An automated system that is designed to identify high-risk osteoporosis patients being treated for fractures can generate letters encouraging follow-up, which can be an effective way to promote osteoporosis intervention and prevent future fractures, according to researchers with the Penn State College of Medicine. For the study, the research team identified patients at least 50-years-old with fractures who were seeking medical help at the emergency department of Penn State Milton S. Hershey Medical Center.

The researchers then analyzed treatment codes to find fractures that seemed to be from bone fragility. In order to do this, researchers received data monthly from the hospital’s finance department, which was used to autopopulate a spreadsheet created specifically to screen for osteoporosis. The database was then screened further to remove patients whose injuries were not consistent with fragility fractures. Letters were then computer-generated and mailed to the final list.

A total of 103 patients were identified. According to a Science Daily news report, patients were sent a letter within 3 months of their ER visit that explained they may be at risk for osteoporosis and encouraged them to schedule an appointment with their doctor or the hospital’s bone health clinic. In addition, a follow-up call was placed 3 months after the letter asking if follow-up treatment had occurred.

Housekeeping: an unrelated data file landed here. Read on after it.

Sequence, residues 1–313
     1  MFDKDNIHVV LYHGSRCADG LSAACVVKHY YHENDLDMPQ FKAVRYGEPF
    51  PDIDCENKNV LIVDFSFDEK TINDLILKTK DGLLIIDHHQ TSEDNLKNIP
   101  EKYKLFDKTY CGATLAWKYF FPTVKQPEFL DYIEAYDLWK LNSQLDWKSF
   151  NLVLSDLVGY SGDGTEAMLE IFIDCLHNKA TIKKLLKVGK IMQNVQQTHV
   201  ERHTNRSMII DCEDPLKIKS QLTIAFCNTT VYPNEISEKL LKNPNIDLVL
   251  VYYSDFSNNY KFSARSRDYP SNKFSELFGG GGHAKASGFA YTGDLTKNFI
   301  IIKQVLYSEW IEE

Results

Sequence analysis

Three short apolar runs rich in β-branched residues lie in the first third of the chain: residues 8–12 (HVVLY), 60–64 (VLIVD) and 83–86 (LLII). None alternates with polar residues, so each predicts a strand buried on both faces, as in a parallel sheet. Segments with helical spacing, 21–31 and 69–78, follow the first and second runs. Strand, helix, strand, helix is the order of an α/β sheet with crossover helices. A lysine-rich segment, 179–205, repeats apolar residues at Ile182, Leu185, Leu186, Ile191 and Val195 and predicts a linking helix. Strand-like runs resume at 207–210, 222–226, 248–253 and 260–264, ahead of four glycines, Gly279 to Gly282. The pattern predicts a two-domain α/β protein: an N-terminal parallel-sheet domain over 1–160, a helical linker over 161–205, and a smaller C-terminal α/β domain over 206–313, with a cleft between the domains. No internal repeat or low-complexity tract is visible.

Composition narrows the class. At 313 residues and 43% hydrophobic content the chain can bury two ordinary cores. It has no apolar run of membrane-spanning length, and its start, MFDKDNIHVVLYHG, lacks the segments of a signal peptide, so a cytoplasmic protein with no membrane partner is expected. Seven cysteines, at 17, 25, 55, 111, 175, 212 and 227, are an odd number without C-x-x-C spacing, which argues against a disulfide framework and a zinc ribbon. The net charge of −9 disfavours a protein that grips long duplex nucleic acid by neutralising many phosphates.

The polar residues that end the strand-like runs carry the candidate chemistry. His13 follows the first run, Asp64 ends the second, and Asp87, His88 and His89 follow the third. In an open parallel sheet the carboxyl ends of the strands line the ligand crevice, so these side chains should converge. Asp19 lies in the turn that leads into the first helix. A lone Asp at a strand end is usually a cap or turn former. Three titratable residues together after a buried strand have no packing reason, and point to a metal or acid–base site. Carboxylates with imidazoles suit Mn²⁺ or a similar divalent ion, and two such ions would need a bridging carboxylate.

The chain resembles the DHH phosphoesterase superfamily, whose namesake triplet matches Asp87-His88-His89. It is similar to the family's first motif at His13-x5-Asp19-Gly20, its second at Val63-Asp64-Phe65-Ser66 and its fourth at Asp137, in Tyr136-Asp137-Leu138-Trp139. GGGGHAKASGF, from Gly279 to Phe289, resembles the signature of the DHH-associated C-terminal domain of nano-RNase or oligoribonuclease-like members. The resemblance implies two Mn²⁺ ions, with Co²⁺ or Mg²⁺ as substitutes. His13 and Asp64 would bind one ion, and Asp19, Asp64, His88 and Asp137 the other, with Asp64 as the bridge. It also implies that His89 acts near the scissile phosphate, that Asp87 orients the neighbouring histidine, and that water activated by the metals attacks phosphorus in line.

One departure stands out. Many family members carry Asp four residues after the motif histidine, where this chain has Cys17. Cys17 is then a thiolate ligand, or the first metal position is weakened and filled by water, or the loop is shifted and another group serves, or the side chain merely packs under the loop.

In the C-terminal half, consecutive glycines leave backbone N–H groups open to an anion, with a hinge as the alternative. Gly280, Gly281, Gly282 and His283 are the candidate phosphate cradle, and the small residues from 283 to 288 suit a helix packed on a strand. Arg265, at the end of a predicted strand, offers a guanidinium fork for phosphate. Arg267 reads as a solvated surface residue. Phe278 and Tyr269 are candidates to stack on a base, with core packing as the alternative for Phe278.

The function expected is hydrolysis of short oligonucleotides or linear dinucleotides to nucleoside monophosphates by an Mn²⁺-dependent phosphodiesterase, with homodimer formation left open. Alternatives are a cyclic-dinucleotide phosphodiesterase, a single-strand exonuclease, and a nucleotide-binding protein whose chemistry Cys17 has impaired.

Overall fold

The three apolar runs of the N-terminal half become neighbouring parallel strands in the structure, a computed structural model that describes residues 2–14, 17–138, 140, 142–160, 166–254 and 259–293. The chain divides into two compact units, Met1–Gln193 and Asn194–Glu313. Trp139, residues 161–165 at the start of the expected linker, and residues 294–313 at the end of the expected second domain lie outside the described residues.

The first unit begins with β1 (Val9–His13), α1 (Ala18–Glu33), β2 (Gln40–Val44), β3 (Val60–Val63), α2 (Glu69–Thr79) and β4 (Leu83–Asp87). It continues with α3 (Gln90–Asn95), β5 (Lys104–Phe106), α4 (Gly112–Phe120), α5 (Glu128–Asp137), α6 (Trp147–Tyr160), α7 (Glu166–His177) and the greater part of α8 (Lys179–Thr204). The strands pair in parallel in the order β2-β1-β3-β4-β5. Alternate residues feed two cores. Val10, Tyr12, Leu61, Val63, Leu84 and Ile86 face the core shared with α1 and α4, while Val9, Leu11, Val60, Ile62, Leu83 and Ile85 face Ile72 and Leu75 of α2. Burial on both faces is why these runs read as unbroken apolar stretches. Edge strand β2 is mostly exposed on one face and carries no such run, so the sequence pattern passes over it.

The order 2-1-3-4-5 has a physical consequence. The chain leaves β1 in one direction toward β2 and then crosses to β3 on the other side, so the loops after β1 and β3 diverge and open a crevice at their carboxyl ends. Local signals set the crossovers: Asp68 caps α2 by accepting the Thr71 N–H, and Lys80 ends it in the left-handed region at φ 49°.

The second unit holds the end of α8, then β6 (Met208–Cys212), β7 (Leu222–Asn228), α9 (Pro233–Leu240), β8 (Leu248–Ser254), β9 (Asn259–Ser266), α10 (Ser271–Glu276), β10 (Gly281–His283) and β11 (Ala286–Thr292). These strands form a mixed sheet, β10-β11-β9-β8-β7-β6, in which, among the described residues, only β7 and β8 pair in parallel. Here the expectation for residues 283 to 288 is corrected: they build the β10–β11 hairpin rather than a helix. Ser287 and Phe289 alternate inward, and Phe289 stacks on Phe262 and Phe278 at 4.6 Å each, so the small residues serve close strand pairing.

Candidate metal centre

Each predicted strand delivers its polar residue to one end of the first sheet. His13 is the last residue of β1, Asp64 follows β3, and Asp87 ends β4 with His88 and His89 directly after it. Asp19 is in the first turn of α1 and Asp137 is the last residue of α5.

Of those who received letters, 60% had followed up, while only 14% of those who did not receive a letter had, or planned, follow-up care. The Science Daily news report notes that since the system is automated, it reduces the potential for human error in identifying high-risk patients.

Edward Fox, MD, professor of orthopedics at Penn State, says, “Our almost fully automated osteoporosis system identifies these patients, requires minimal resources — many of which are already currently in U.S. hospitals, but just need to be tapped — and delivers substantially improved osteoporosis intervention results.”

Sources: Science Daily, Penn State